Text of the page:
Imagine you owe nothing on credit cards, student loans, credit lines, and cars. Better yet, your children’s college savings funds are in good standing and you’re on track to have your mortgage paid off in half the time you expected — 15 years rather than 30. Instead of worrying about making mortgage payments during your retirement years, you realize that you’ll have at least 10 working years of earning income without the largest household expense.
This scenario isn’t just a dream; it’s a reality for those who can shift the way they spend, save, and invest their income. You can adjust your budget in several ways to pay off your mortgage early. It’s a numbers game. Bear with us while we explain some of the easiest ways to make the dollars and cents work for you.
Paying just a few extra dollars a month can shorten your loan dramatically. If your monthly mortgage payment is $1,017, round it up to $1,035. Or even higher, to $1,050. The additional money you pay will add up over time to save you interest and years.
The Baker’s Dozen
Make 13 mortgage payments a year instead of 12, and you’ll save thousands in interest. You can make that extra payment gradually over the course of the year. Divide your monthly mortgage by 12 and add it to each payment every month. Do this every year, and before you know it, the length of your loan has shrunk.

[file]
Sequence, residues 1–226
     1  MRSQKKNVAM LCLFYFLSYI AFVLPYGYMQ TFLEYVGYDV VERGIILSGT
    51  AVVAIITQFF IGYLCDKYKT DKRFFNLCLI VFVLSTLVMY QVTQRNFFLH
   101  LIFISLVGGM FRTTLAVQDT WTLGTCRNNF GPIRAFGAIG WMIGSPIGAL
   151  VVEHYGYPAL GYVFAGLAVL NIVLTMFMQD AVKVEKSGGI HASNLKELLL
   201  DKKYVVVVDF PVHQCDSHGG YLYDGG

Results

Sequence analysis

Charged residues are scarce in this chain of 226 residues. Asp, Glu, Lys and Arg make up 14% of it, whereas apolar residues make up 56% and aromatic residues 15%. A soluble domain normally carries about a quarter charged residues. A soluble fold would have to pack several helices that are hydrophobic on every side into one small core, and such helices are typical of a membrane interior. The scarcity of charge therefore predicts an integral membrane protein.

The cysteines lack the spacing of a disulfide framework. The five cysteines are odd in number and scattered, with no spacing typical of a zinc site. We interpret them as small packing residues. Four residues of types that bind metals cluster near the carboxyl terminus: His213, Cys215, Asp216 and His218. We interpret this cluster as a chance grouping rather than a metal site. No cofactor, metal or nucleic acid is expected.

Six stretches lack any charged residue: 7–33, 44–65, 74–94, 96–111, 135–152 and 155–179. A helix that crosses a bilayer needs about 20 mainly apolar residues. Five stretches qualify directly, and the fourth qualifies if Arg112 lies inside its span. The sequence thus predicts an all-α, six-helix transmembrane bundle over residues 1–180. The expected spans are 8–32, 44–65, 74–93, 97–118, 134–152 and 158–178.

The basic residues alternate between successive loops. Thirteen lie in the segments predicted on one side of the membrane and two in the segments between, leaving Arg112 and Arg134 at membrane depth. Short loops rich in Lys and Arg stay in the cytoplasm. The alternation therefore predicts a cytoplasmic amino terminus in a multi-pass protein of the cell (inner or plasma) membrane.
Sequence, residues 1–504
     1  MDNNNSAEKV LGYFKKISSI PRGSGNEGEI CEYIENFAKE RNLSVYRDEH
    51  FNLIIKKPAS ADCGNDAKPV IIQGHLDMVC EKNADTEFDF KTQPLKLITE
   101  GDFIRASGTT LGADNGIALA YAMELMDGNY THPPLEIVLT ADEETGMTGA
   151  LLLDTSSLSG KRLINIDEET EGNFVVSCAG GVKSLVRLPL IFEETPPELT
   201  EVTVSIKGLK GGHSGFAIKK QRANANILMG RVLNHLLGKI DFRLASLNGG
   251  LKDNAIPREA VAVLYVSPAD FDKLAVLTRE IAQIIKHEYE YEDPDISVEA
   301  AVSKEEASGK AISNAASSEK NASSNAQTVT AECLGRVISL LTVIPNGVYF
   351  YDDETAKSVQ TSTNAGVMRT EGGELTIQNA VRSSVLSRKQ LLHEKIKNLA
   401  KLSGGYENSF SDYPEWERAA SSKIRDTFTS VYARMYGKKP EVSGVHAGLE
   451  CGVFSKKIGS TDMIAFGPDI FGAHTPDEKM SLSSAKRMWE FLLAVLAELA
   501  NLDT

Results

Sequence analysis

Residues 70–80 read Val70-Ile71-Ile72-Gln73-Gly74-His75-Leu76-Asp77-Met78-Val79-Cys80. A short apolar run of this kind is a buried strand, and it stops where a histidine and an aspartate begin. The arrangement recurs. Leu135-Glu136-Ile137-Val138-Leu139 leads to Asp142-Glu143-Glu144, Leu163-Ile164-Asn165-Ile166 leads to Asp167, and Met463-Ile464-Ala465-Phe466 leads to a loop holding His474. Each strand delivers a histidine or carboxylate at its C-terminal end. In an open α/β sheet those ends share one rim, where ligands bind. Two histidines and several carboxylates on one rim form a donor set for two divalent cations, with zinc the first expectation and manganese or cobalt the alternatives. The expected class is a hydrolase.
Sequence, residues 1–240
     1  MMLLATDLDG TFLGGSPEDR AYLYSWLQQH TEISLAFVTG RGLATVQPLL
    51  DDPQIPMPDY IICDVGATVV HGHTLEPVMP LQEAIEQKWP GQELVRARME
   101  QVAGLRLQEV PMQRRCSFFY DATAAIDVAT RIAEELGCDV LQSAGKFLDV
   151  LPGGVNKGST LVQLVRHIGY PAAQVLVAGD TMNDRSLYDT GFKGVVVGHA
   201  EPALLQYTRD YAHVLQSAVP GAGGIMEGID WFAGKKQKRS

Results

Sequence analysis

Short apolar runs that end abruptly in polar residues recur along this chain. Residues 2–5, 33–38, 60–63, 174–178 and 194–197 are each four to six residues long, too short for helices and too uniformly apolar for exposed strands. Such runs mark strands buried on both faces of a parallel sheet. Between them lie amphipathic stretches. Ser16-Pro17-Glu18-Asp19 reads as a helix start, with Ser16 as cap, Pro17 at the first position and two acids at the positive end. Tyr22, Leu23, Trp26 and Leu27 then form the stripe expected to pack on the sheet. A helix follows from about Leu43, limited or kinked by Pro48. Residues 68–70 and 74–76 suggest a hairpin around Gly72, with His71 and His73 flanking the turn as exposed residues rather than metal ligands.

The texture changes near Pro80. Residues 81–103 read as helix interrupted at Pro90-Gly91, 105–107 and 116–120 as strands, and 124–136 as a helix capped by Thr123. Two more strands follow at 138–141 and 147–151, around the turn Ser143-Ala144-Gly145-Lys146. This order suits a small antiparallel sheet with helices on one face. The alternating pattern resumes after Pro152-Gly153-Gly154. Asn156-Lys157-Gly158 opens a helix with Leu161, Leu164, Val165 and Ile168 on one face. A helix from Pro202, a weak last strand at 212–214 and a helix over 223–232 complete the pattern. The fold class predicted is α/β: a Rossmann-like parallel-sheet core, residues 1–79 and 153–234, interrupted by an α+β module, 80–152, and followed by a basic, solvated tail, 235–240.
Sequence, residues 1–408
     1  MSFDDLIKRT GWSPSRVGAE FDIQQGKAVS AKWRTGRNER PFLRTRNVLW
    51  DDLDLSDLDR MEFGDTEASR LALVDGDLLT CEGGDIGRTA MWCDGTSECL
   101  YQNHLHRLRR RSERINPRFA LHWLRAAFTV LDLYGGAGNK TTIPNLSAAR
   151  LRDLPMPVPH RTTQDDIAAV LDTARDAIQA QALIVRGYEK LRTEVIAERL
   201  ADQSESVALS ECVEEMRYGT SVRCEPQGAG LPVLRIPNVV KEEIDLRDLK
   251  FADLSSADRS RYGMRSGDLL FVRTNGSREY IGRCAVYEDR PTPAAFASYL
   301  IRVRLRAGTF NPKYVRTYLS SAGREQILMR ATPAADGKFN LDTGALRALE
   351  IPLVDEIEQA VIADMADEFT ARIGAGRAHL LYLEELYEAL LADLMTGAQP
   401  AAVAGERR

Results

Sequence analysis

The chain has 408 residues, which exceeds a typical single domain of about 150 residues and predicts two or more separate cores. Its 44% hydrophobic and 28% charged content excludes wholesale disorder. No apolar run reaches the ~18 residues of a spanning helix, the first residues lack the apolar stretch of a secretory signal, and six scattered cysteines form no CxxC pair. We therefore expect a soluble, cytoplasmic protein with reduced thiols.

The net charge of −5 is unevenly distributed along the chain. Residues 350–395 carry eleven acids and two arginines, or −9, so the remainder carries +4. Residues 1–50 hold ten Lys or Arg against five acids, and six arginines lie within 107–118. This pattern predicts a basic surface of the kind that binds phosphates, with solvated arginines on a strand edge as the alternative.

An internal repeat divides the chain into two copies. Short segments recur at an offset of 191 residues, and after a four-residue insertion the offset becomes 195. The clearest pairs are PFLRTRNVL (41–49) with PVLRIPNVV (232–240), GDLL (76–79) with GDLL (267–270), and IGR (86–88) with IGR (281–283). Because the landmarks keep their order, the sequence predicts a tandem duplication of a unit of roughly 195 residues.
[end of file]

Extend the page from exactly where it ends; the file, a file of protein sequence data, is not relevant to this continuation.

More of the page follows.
Another way to fit in the 13th payment is to make what’s known as bi-weekly payments. Pay half your mortgage every two weeks — that is, 26 half payments instead of 12 full payments a year — the result is one extra mortgage payment a year.
If you like the extra house payment a year concept, think what the effect would be making a whole extra payment every quarter. More dollars and time saved.
When you get a raise or bonus from work, put some or all toward your mortgage. The same for your tax refund, credit card bonus checks, or unexpected windfall. You can use it to make the extra payments we’ve suggested above, or maybe there’s enough to make a large, one-time payment to cut the total interest on your mortgage.
Beware that doing so will take money from other immediate needs you have. But if it’s money you didn’t have before and won’t miss if you put it toward your home loan, it’s worth considering.
Refinance, or pretend you did
This is the option many homeowners are likely familiar with. You might refinance simply to take advantage of a lower fixed interest rate. But you also can refinance a longer term mortgage into a 15-year loan.
Let’s say you bought your home with a 30-year, fixed-rate mortgage for $200,000 at 4.5 percent. Five years later, you refinance for a 15-year loan at 4 percent. That means you’ll pay off the mortgage 10 years sooner and save more than $60,000 on interest.
Keep in mind that refinancing comes with closing costs, and even with a lower interest rate, the faster payoff means locking into higher monthly payments. If you already have a low-interest rate, save on the closing costs of a refinance and simply pay on your 30-year mortgage like it’s a 15-year mortgage. Refer to the ideas above if you have the income to add onto mortgage payments and pay off that loan early.
Whatever choice you make in making the effort to pay your mortgage sooner than later, it’s best to call your mortgage lender before you change your payment schedule. You’ll want to make sure that any extra money you pay is correctly calculated and applied to your loan.
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